When a handful of written words becomes a vocal gag:
The constituent institution shall implement a range of disciplinary sanctions for anyone under the jurisdiction of a constituent institution who substantially disrupts the functioning of the constituent institution or substantially interferes with the protected free expression rights of others, including protests and demonstrations that infringe upon the rights of others to engage in and listen to expressive activity when the expressive activity has been scheduled pursuant to this policy or is located in a nonpublic forum.
The 1st Amendment has always been a confusing and controversial concept, because for every opinion, there is an opposing one. It was true in 1789 when the Bill of Rights was demanded by the separate states before they would ratify the Constitution, and it's true today. But for all the lofty arguments and debate about who infringes on whom, or yelling "Fire!" in a theater, the overriding message of the 1st Amendment is that government should not be in the business of dictating who gets to speak and who doesn't. And delegating that decision-making to some Orwellian committee doesn't negate the General Assembly's huge Constitutional blunder with this bill:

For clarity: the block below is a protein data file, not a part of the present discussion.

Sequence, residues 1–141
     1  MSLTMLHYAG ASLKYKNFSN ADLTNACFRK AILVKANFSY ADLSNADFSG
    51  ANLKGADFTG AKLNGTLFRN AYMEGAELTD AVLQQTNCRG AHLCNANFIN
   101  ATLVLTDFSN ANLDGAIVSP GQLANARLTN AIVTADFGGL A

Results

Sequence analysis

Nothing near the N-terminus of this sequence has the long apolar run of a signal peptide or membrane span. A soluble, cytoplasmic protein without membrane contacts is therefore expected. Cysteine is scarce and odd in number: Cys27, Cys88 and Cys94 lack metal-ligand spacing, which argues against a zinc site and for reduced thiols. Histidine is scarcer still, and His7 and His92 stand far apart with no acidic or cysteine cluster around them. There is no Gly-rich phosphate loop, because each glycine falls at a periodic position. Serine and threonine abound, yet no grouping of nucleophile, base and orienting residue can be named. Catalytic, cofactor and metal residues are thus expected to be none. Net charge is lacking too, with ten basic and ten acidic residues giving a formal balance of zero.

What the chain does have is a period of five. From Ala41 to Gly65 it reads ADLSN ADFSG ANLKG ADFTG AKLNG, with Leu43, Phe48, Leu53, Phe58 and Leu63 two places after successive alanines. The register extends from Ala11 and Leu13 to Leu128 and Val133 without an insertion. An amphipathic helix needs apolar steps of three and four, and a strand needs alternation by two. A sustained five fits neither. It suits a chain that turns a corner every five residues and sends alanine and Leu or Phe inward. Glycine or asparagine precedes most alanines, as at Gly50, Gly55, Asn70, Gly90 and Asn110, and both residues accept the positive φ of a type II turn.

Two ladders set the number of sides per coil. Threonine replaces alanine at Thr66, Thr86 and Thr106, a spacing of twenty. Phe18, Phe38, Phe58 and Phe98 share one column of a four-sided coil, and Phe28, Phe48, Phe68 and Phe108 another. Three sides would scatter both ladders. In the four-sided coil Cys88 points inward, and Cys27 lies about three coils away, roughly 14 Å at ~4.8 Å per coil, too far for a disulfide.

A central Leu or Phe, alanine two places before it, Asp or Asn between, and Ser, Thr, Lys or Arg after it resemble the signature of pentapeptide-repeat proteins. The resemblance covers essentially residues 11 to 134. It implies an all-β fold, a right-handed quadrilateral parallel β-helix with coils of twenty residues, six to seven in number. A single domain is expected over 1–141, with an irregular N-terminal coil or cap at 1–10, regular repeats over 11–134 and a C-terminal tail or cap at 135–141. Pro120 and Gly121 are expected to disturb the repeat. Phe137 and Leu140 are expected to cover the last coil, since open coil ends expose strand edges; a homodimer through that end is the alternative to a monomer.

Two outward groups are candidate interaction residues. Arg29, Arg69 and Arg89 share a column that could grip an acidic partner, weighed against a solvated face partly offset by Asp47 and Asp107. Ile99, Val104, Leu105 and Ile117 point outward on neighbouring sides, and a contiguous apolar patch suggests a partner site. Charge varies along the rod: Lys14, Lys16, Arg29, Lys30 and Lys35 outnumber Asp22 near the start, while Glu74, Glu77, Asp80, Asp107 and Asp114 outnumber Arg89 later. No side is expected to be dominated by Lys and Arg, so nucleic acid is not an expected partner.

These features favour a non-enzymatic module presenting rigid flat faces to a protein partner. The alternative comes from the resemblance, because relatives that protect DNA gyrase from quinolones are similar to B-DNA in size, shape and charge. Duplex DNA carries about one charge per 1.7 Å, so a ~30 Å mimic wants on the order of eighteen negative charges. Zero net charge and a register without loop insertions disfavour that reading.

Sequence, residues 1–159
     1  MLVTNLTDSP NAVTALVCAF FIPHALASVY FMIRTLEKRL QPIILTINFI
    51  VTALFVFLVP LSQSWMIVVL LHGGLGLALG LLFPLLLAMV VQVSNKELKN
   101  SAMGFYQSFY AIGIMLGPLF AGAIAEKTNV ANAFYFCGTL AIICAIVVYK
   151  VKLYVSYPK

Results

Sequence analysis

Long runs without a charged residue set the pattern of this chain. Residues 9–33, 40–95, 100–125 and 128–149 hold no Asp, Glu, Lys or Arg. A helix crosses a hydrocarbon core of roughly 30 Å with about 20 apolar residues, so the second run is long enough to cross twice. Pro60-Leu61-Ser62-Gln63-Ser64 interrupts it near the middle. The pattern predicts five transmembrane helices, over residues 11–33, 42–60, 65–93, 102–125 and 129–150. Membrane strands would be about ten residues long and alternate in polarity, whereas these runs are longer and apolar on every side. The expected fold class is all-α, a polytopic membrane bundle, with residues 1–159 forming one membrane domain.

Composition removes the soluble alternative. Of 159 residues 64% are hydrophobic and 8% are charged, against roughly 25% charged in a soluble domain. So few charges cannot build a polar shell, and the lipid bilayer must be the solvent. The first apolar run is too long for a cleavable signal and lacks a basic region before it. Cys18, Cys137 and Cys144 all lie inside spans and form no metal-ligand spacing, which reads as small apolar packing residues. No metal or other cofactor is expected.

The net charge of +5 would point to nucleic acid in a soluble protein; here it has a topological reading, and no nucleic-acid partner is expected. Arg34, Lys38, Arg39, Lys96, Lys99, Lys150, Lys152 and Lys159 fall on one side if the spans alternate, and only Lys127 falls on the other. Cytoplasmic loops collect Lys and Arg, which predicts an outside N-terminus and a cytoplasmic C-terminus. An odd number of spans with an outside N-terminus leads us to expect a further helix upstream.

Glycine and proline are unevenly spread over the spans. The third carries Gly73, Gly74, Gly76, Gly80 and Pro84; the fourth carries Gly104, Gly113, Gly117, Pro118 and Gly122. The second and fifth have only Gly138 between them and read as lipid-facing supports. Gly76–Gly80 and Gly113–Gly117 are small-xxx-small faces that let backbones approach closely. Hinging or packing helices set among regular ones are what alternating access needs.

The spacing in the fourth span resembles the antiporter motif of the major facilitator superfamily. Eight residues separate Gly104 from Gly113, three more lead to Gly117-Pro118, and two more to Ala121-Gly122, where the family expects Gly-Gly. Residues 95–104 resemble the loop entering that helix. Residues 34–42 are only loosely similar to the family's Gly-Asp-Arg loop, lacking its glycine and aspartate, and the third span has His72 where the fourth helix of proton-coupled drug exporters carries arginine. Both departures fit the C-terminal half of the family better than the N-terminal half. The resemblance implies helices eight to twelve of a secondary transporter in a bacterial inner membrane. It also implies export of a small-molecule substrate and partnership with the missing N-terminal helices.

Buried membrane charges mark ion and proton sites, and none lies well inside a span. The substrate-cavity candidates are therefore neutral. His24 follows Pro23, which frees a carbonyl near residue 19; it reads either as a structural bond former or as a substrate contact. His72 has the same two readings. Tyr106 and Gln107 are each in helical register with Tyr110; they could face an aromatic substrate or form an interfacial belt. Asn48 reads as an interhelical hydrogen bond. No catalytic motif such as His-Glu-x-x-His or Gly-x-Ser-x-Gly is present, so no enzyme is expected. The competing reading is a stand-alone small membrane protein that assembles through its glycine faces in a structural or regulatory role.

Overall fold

§ 116‑301. Committee on Free Expression.
(a) The Board of Governors of The University of North Carolina System shall establish the Committee on Free Expression and appoint 11 individuals from among its membership to the Committee. The members of the Committee on Free Expression shall elect a chair from the members of the Committee. Each member of the Committee on Free Expression shall serve on the Committee at the pleasure of the Board of Governors. Each member's term shall be equal to the remainder of the member's respective term on the Board of Governors. In the event of a vacancy on the Committee, the Board of Governors shall appoint a replacement from among its membership.
(b) All employees of The University of North Carolina System and all State agencies shall cooperate with the Committee on Free Expression by providing information requested by the Committee, unless the requested information is required to be kept confidential by other provisions of State or federal law.
That is both absurd and frightening.